To mark the journal’s 90th anniversary, the Harvard Business Review website has run a series of blogs and articles under the strapline “Why Management Matters”. Alas, the content does not engage with the proposition itself, taking the importance of management for granted.
It seems every Business School professor starts by saying how much the world has changed” – that was Henry Mintzberg’s opening to a session on change, not unsurprisingly Henry takes a different tack. He points out that continuity is as important as change. We are co-teaching strategy to a group of Chinese executives today, and I had to sheepishly admit I had done just that earlier in the day!
-Article by Karl Moore
Author: Henry Mintzberg
Myths impede the effective management of health care, for example that the system is failing (indeed, that is a system), and can be fixed by detached social engineering and heroic leadership, or treating it more like a business. This field needs to reframe its management, as distributed beyond the “top”; its strategy as venturing, not planning; its organizing as collaboration beyond control, and especially itself, as a system beyond its parts.
Governments and corporations can't be relied upon to provide solutions to our biggest problems – instead we must look to ourselves that we face serious problems – poverty amid plenty, the degradation of our physical, social, and economic environments, terrorism by fanatic cells and rogue states, and so on – is clear. But how our established institutions – governments and businesses – deal with them, even when responsive and responsible, is not. We need another way.
-Article by Henry Mintzberg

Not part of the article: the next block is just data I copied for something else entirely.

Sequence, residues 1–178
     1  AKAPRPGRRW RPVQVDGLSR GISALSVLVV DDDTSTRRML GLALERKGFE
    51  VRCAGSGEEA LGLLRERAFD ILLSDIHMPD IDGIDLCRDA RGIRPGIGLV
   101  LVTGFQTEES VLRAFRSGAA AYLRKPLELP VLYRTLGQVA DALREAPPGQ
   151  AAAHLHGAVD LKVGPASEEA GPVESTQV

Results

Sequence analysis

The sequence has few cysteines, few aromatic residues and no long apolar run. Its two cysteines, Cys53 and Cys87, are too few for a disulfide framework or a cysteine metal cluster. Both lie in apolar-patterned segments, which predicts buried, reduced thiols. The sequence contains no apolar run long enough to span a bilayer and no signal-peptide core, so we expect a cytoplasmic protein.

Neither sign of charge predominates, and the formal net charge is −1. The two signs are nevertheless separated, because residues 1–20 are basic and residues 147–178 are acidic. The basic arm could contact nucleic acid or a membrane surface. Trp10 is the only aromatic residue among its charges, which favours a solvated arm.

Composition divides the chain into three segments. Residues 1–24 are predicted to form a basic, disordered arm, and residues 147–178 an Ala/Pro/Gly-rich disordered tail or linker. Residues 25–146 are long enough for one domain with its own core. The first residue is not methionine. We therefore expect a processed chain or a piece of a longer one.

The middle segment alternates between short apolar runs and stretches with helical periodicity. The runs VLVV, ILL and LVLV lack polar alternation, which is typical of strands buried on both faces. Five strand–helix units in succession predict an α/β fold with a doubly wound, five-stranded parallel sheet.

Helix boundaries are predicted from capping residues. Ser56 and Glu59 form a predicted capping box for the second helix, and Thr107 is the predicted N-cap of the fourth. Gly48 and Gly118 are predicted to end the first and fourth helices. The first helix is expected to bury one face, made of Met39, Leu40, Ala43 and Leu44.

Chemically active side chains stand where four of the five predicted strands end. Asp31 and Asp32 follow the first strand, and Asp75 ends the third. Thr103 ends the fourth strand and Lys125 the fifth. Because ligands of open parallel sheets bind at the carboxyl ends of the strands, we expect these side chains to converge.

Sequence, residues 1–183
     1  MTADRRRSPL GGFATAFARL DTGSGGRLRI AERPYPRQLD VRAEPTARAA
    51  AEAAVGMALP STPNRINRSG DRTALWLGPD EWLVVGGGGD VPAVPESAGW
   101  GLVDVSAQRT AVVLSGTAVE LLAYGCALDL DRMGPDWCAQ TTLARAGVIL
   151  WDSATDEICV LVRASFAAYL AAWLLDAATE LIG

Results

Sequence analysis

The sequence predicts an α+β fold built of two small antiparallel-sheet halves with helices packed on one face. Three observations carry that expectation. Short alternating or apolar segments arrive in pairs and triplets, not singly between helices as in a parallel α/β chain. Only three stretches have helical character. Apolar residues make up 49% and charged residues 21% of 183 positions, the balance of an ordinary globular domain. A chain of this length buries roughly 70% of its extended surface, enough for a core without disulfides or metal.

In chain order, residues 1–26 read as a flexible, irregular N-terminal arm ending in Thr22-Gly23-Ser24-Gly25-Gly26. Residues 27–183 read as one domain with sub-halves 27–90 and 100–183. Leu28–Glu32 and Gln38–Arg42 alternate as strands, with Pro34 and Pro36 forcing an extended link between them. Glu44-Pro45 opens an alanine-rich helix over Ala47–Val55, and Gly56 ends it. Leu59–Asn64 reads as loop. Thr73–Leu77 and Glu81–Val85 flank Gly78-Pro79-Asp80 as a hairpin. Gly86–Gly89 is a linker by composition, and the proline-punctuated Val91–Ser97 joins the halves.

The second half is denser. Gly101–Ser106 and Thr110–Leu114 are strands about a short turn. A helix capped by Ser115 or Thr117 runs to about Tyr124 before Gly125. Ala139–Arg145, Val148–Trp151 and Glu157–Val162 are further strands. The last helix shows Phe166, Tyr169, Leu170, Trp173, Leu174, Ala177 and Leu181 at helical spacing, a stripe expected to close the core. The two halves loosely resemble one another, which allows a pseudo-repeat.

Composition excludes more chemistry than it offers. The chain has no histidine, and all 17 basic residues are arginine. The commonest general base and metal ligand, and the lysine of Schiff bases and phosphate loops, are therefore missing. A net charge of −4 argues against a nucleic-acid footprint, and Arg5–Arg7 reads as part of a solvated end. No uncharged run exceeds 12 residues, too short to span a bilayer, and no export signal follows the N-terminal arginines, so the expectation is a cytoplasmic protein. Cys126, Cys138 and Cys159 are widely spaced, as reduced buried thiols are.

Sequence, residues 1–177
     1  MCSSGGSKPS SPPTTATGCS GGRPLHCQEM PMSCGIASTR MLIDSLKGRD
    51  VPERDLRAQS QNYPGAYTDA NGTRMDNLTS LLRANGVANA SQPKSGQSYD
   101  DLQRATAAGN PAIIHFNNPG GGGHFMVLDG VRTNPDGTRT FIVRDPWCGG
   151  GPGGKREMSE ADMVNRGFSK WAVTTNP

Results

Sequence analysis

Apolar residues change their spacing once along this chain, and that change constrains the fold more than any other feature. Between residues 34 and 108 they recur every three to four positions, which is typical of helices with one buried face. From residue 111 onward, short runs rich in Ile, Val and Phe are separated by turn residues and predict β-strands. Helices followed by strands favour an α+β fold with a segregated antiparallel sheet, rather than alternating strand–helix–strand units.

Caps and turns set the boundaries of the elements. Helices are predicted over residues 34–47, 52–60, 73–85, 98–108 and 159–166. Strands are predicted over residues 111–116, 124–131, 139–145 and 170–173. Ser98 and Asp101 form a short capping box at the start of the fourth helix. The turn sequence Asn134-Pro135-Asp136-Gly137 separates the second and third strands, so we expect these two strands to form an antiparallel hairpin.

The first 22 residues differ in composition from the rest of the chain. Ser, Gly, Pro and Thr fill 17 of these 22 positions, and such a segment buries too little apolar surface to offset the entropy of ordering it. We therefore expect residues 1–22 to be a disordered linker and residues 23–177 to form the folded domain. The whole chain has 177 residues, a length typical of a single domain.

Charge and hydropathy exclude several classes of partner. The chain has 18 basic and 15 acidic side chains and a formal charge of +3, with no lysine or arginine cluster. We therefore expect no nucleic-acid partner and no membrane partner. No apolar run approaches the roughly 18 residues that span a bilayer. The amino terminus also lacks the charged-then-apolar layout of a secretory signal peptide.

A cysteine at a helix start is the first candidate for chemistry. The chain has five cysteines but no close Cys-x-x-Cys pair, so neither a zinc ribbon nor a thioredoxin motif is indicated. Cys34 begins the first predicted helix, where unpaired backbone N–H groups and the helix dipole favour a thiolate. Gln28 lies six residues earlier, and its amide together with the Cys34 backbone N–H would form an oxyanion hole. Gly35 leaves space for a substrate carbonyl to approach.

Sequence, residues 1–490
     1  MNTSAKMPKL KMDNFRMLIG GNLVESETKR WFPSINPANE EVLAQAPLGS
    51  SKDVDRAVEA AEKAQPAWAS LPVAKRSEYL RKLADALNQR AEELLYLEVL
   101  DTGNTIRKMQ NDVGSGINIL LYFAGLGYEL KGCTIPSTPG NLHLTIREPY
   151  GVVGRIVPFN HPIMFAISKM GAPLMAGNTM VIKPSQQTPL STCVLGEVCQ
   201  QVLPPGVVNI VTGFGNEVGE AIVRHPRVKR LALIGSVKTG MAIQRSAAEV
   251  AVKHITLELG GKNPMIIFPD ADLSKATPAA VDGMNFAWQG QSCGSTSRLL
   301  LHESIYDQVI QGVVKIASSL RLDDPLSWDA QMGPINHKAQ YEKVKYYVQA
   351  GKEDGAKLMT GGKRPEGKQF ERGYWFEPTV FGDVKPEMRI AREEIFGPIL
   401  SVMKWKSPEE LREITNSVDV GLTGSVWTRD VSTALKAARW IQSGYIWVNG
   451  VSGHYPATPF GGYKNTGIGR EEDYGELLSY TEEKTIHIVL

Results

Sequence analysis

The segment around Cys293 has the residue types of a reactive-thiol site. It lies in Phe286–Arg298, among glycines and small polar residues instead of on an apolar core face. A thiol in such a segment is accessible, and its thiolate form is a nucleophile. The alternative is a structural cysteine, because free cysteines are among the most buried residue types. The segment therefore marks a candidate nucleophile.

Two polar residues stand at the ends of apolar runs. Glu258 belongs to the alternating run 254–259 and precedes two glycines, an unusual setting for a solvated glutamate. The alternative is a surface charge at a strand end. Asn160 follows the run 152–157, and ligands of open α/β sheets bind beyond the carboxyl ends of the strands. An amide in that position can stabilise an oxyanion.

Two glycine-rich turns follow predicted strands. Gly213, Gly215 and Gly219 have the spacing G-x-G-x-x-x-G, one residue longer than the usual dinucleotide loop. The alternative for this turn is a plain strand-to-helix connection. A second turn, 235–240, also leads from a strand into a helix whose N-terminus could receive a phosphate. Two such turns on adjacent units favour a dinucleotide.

Talking Management with Karl Moore: How to rebalance the economy with the help of the 'plural' sector
Prof. Karl Moore speaks with Prof. Henry Mintzberg about a forthcoming electronic pamphlet by Mintzberg on "rebalancing society" with the help of the "plural sector."
Read full transcript: The Globe and Mail, October 9, 2012
Henry Mintzberg is one of the most thoughtful and provocative thinkers in management today. He has a new electronic pamphlet coming out called “Rebalancing Society.” In this interview Henry tells what he thinks is wrong with our economies and what might be the way forward.
-Article by Karl Moore
Read full article: Forbes, October 16, 2012
A study of business managers reports the following findings:
Managers scarcely have time to start on a new task or to sit down before they are interrupted.
Only 12 times in the study did the manager succeed in working undisturbed in his office for at least 23 minutes.
“The brevity of many of the manager’s activities is most surprising…Half of the observed activities were completed in less than nine minutes, and only one tenth took more than an hour.
In Henry Mintzberg’s 1994 landmark book, “The Rise and Fall of Strategic Planning,” the author calls for a new method to create effective strategies. He notes that “Strategic planning isn’t strategic thinking. One is analysis, the other is synthesis.”
These days, when Jesper Hornberg goes to work he's likely to be stepping into a mud hut in Kenya, checking on a solar lamp. He's the founder of an NGO called Givewatts, which is trying to reduce dependence on kerosene lamps. Rather than having to work in the poor light given off by kerosene, children whose families have his lamps can now see well enough to do their homework. In some cases, their school test scores have increased by 50%.